Centuri - S.S.V. Scorpion (#5307) Gallery

Discussion in 'Centuri Engineering' started by Fishhead, Mar 21, 2012.

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  1. Mar 21, 2012 #1

    Fishhead

    Fishhead

    Fishhead

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    [​IMG]

    I picked up a REALLY badly treated SSV Scorpion in an Ebay auction several years ago. I was going to try to restore it, but in person it was worse than I thought my meager magic could handle. I decided to part it out and use the nose cone and transition for a UFO Invader. (That way I'd keep it in the same family.) BUT FIRST, one last flight for the beat up ol' girl.

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    Last edited by a moderator: Aug 1, 2012
  2. Aug 1, 2012 #2

    JAL3

    JAL3

    JAL3

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    bump for editing
     
  3. Feb 7, 2009 #3

    JAL3

    JAL3

    JAL3

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    Welcome to the Centuri S.S.V. Scorpion (#5307) Gallery on TRF.

    This gallery showcases the Centuri S.S.V. Scorpion (#5307) and those rockets derived from it. Particularly appropriate in this thread are the following:


    Centuri: S.S.V. Scorpion: #5307



    as well as any upscales, downscales, clones, kitbashes or other derivative works. Even Goonies qualify!



     
    Last edited: Aug 1, 2012
  4. Feb 7, 2009 #4

    JAL3

    JAL3

    JAL3

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    Centuri S.S.V. Scorpion (#5307) Basic Information.

    [​IMG] Centuri Engineering

    MODEL NAME: S.S.V. Scorpion Also known as:

    NUMBER: #5307

    Introduced: 1977
    Final Year: 1981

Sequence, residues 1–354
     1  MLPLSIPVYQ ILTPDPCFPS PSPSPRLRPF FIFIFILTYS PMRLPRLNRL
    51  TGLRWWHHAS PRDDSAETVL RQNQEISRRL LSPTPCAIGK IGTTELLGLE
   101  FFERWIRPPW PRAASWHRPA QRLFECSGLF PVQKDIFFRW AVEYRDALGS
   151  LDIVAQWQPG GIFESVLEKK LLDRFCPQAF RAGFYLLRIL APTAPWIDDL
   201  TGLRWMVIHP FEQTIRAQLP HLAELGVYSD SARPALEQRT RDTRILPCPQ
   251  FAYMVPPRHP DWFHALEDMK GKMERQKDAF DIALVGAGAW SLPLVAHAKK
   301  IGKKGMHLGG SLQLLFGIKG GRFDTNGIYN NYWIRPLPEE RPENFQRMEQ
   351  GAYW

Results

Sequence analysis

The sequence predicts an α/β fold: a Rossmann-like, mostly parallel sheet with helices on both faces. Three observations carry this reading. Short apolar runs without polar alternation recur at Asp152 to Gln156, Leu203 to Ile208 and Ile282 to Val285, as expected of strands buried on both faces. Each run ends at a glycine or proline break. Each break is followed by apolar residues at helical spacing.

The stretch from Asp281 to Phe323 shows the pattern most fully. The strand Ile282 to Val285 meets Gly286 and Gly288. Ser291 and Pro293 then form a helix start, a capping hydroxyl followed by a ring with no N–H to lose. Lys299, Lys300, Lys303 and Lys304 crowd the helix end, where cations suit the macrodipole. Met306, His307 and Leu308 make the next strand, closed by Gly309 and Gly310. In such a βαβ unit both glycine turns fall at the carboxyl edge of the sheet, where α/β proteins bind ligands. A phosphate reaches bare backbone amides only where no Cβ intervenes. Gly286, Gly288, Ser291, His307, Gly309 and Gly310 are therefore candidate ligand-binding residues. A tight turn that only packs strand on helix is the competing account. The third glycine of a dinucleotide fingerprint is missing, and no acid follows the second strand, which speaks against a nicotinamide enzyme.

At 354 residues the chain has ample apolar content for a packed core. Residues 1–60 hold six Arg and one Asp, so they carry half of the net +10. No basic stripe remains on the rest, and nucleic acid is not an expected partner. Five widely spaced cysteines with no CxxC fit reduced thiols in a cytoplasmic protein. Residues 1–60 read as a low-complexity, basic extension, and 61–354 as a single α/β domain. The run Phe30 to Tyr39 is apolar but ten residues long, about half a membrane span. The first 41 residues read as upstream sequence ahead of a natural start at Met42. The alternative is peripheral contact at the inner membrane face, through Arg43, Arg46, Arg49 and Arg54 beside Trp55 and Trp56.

Designer: Dave Smith

    Type: Exotic
    Motor Mount: 1x28mm
    Recovery: Parachute
    Stages: 1
    Length: 29.7"
    Diameter: 2"
    Span: 8.5"
    Weight: 5.7 oz

    Mfg. Description: Until 1983 most satellite repair and service was conducted with NASA Space Shuttles. This encouraged peaceful applications of space travel so that today Earth is surrounded by thousands of solar energy collecting satellites. The Satellite Service Vehicle (S.S.V.) Scorpion maintains this complex network which conserves our dwindling natural fuels. Its name comes from the stinger shaped rudder that magnetically launches and retrieves satellites from earth orbit. They slide down the rudder into storage slots on the hull, and are later brought into the open hanger. Maintenance crews work in the vacuum of space to prevent atmospheric damage to these satellites so vital to the 21st century. (Centuri 1977 Catalog 1)


    Advertising Liveries

    [​IMG] 1977 Catalog 1


    Face Card(s)

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    Instruction Header(s)

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    First post in this thread featuring this rocket.

    See Also: LINKS
    EMRR
    RocketReviews
    Mfg. Page


    If you have any additional information on this rocket and/or catalog photos please let us know.